“Well, I’ve been vaccinated because I’m a strong believer in the flu shot, but certainly, I’ve talked to a lot of employees,” said Brown.
A small amount of individuals are actually allergic to the flu vaccination, she said. But more often, employees opt out for other reasons, said Brown.
“Really what I hear most people saying is either they don’t feel like they are at risk or they are afraid that they might get side effects from the shot,” she said.
If employees do refuse a shot, they are not required to give a reason, said Brunicardi.
Though MMH and CCMC have both tracked their vaccination rates among employees for years, soon all hospitals will be required to do so.
The Associated Press reported that this year the Centers for Medicare & Medicaid Services will start requiring hospitals to report employees’ flu vaccination rates in hopes of helping the government reach a goal of 90 percent coverage of health care workers by 2020.
Beverly resident Goldie Sampson, 85, said she thinks everybody should get a flu shot. Still, she said, no one should have it forced upon them.
“I think it should be their choice. I have a granddaughter that works at the (Marietta Memorial) hospital and I think that she should have her choice,” said Sampson.
Sampson said firing people who do not want the shot is unjust, but added that direct care employees should let their patients know they haven’t had a flu shot.
Heartland of Marietta, a 101-bed nursing and rehabilitation facility in Devola, offers the vaccine to its approximately 200 employees who fill out a form to either accept or decline the vaccination, said registered nurse Tricia LaBarre, director of nursing.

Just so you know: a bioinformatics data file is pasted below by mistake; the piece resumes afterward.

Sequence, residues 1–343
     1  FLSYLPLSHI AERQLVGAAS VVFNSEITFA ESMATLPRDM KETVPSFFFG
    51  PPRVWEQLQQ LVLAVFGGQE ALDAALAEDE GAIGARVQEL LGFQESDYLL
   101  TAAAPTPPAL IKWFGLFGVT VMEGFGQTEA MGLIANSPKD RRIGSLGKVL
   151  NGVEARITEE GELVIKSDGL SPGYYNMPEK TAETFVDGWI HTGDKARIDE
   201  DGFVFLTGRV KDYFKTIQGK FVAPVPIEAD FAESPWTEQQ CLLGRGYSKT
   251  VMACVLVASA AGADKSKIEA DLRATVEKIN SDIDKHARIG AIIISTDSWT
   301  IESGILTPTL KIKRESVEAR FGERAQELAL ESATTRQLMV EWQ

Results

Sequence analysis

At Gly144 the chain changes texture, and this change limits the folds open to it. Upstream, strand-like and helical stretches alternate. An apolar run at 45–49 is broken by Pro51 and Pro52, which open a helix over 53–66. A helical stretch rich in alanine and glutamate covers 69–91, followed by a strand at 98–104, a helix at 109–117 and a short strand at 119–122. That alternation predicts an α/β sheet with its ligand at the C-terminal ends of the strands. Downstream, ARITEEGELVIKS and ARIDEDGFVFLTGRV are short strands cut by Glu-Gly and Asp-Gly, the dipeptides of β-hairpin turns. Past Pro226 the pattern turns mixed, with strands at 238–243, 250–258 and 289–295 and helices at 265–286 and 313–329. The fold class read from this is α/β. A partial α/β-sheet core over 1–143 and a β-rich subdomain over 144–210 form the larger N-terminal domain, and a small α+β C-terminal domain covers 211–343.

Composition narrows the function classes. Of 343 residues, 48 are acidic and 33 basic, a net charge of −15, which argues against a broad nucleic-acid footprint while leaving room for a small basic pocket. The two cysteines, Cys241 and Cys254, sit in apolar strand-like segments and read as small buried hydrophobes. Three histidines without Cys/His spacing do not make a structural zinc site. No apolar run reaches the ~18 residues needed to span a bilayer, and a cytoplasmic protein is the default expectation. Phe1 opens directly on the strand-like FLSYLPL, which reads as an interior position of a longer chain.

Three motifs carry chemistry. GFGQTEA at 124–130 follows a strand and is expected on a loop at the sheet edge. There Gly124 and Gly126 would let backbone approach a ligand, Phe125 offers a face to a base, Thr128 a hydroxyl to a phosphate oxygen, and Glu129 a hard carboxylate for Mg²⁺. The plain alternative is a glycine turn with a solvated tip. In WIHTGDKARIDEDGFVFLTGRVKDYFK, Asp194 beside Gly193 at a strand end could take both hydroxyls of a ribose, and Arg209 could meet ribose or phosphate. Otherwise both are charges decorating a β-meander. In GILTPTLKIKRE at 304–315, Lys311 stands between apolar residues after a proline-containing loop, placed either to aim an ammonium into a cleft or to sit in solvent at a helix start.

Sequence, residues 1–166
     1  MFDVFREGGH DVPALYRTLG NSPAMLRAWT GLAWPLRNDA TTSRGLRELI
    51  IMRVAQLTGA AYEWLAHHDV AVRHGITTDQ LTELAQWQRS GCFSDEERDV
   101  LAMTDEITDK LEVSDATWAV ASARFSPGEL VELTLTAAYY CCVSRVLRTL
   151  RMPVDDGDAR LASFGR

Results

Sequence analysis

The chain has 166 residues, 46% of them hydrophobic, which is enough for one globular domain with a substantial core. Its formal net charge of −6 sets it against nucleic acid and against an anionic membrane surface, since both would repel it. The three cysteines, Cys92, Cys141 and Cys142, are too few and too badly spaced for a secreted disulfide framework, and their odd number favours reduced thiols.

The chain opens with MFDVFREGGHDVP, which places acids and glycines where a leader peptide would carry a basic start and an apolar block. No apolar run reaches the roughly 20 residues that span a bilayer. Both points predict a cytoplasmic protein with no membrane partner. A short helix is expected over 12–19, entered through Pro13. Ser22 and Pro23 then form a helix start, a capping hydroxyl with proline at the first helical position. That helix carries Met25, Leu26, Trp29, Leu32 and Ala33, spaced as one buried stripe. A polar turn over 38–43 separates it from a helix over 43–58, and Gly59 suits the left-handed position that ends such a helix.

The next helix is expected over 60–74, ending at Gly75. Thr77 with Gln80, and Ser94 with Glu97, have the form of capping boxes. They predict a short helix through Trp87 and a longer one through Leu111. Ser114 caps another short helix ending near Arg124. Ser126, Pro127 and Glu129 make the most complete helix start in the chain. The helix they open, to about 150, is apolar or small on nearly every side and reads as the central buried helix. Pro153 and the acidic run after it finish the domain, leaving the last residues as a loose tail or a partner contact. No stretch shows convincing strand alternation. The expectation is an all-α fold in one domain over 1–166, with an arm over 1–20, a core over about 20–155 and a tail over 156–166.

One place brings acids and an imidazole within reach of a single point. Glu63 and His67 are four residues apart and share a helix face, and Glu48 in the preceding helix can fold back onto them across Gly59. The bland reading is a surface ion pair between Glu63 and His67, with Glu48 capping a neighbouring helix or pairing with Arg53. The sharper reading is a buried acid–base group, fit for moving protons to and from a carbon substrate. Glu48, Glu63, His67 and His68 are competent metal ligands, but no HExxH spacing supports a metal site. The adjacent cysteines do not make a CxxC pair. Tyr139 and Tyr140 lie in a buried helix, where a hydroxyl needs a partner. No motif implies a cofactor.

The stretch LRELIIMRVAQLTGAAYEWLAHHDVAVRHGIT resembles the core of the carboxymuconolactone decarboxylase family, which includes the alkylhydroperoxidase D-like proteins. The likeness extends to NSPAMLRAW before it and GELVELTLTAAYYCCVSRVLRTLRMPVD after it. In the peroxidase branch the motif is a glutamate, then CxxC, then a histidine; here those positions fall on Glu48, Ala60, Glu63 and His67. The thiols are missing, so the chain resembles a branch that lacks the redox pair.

“With the flu being widespread this year, we do ask that they wear a mask if they decline,” said LaBarre, adding the policy is strongly recommended, but not demanded.
At MMH and Camden Clark, employees utilize standard safety precautions, such as using gloves, masks and sanitizers.
“It’s as safe as can possibly be,” said Brunicardi.
It was those safety precautions that put Waterford resident Kelly Miller, 31, at ease when she gave birth to daughter, Nora, at Marietta Memorial Hospital last month.
“The hospital did an amazing job. Every nurse used antibacterial foam and sanitizers. I was very impressed and very happy,” said Miller.
Concern for influenza is not reserved for the hospital staff, said Miller, who herself is a teacher.
“We were concerned with anybody, including our family,” she said.
However, mandating flu shots for hospital staff could be a slippery slope, she said.
“If you’re going to require nurses, what about teachers or anybody who comes into contact with those at a high risk? Are you then going to mandate all of them? I think that you can’t isolate one group,” said Miller, who did receive her vaccination this year.
When she was a bank employee in Parkersburg, Leah Lent, 80, of Lowell, was required to get a flu shot for years.
“It never really bothered me,” said Lent of the requirement.
The shot should be a personal choice, said Lent, who still gets one even though it is no longer required of her.
But, added Lent, “I think probably they should get one if they’re going to be working with patients.”